Stay away from streaming programs when not on WiFi
Netflix, YouTube, Pandora, and anything on the cloud need to be avoided at all costs when on the cellular network. One movie on Netflix can eat up a month of data allotment, and keeping that in mind can help a user to keep track of their data. When adding in e-mail, Facebook, and streaming music, a user can go over their data limits without even realizing it. By connecting to a WiFi network the threat of using all of your data is greatly lessened.
Three Apps You Can Use to Keep Track, as tested by Lauren Goode of AllThingsD.com
Onavo Count, a free app available on the Android App Store monitors the data used by the Android mobile device, helping to user to keep track of how much data has been used, and can be used in conjunction with Onavo Extend which shrinks the data downloaded. Onavo Extend is available on by Android and Apple devices, with one caveat: it is not compatible with Verizon’s iPad 2 or iPhone 4.
Onavo Count alerts users with a single progress bar at the top, which shows users how much of their data they have used, offering that the tester is “Doing A-Okay,” when she had used half of the 30 MB allotment. There are some drawbacks to the program, but with its easy to use interface, it is easy to forgive a lack of a listing of specific Data Hoggers programs.
My Data Manager is available for both Apple’s iOS – phone and tablet — and all Android operating devices and is free for both. This app lets you alter the settings so that the user can choose their plan type, how they’d like data measured, and when the billing cycle ended all to help ensure a plans data limits are not crossed. The interface is clean, allowing side-to-side swiping instead of overly cluttered and confusing screens. A potential drawback is the overwhelming nature of the various tabs and menu options, which Goode felt were not necessary to the success of the application. But, the drawbacks to the program are quickly outweighed by the innovative, albeit only Android compatible, ability to shut down data services when a certain threshold is passed.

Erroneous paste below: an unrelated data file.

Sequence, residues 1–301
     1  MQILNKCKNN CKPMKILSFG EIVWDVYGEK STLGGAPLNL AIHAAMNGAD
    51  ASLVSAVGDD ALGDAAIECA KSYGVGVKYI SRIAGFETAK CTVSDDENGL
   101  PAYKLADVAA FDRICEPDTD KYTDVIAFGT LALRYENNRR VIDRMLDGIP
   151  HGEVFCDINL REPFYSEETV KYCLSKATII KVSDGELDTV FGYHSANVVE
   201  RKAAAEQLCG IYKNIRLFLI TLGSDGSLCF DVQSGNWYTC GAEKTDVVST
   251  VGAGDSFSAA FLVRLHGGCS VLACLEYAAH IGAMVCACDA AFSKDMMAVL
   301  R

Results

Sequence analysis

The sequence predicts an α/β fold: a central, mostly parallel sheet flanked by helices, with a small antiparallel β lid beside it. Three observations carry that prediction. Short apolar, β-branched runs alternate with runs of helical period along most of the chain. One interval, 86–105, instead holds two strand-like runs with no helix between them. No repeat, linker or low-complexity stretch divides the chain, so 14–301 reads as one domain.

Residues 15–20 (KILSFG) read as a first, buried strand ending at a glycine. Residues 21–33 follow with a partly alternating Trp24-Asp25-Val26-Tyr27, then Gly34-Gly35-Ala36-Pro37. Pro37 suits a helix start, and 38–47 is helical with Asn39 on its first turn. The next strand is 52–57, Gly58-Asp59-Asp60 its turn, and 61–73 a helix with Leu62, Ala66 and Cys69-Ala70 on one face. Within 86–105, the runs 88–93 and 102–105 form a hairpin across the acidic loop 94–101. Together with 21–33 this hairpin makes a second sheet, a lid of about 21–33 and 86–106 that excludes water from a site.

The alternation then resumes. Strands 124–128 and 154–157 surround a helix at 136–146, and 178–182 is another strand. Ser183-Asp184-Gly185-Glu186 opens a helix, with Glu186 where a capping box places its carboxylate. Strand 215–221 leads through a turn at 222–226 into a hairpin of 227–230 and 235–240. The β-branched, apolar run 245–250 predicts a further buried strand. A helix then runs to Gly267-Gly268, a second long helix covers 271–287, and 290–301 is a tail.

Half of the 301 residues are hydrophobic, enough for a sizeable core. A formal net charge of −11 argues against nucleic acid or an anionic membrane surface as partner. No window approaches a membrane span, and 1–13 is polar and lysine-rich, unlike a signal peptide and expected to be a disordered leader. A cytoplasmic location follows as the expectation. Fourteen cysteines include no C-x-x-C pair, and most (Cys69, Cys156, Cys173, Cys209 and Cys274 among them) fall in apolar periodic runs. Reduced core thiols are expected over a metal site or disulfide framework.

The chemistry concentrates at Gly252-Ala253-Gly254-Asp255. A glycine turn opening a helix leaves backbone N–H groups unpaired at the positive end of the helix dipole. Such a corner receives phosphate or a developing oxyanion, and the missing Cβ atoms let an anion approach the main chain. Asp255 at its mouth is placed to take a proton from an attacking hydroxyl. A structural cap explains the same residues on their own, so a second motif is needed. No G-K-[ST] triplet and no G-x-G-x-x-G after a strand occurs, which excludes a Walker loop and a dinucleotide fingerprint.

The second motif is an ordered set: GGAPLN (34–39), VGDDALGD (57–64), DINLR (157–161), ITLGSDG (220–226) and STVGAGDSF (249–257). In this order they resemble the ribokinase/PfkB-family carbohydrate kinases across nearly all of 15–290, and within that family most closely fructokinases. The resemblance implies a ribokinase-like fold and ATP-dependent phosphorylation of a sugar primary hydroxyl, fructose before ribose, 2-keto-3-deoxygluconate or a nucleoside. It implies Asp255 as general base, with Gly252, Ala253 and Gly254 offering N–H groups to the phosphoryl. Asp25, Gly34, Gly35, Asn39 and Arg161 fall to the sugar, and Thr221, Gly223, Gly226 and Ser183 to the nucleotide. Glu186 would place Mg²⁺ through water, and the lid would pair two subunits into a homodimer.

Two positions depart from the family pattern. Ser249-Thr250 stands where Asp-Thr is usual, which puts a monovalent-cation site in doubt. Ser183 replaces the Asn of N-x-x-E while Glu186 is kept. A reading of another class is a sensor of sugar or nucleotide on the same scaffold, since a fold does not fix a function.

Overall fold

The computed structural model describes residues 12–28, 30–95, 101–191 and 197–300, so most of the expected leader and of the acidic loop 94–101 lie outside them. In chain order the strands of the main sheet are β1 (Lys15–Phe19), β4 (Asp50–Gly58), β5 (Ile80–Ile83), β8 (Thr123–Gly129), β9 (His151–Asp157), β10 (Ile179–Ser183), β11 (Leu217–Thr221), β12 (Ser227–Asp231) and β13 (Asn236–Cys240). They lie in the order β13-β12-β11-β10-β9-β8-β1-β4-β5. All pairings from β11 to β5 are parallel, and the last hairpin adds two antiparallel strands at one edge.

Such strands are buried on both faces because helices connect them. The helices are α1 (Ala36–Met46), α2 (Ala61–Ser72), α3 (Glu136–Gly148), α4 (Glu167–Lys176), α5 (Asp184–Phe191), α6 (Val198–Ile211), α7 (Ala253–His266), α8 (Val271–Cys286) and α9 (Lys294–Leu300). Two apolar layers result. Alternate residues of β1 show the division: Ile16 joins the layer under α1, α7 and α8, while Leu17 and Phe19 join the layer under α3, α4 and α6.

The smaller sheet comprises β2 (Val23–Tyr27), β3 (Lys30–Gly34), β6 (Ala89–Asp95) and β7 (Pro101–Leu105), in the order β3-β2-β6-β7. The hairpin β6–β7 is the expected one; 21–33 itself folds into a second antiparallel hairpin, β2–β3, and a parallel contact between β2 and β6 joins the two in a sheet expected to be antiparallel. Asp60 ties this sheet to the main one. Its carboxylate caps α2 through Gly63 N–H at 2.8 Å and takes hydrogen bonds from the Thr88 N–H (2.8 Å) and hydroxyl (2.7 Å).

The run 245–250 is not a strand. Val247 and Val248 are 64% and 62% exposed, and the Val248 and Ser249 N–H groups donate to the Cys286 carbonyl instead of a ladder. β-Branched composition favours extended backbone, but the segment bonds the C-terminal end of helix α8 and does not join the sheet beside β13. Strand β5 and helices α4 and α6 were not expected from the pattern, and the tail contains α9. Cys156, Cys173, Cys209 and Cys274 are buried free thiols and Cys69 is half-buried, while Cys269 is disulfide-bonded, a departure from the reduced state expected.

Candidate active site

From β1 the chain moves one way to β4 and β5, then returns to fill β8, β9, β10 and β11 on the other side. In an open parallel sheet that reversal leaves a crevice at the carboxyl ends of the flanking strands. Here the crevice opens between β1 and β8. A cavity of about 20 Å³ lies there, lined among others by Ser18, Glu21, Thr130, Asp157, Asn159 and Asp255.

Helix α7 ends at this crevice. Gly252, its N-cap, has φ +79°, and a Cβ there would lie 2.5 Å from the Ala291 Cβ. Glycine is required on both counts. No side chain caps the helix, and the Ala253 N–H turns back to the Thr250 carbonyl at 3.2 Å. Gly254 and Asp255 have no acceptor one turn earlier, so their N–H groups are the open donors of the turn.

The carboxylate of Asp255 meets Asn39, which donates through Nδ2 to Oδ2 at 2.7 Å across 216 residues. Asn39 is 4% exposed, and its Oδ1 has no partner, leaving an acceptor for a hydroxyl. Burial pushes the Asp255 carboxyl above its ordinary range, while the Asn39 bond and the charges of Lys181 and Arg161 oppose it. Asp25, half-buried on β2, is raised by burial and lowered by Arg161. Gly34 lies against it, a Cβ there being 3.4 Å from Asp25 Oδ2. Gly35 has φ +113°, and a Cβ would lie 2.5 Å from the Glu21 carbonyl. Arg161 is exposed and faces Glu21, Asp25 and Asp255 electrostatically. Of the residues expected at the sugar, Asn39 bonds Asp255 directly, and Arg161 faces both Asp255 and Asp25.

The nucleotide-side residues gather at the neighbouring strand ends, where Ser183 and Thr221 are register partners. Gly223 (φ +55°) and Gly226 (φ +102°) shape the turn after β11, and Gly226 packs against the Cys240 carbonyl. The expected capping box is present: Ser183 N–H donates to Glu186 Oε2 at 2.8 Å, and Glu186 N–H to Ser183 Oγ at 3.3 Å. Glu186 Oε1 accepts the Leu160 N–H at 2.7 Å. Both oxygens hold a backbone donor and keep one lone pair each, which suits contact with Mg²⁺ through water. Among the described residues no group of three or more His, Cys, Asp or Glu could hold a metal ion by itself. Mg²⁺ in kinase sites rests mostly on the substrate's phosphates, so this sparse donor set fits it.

Data Usage is offered in the standard app, for 99 cents, as well as a Pro version for $1.99 and is heavy on the numeric information that could easily overwhelm a technology-nervous user. Both Data Usage and Data Usage Pro are only available in the Apple App Store, for both the iPhone and the iPad, and breaks down data into sent and received.
Unlike the other programs, Data Usage looks at past usage to alert customers if they are likely to be charged with overage fees based on their historic patterns, and there are many options for notification when usage of data is nearing a certain threshold. There is one drawback, Data Usage needs to be ran right before the phone or tablet is turned off or rebooted or there could be a discrepancy between data used and data calculated which could inadvertently lead to overage charges.
Smartphones are an integral part of our life, and with the tablet market quickly expanding, the likelihood of going over the allotment of data given to each user by the mobile phone carriers is more and more likely to occur. By adapting and understanding where the data is being used and how to track the usage of data shockingly high mobile carrier bills can be reduced and kept under control.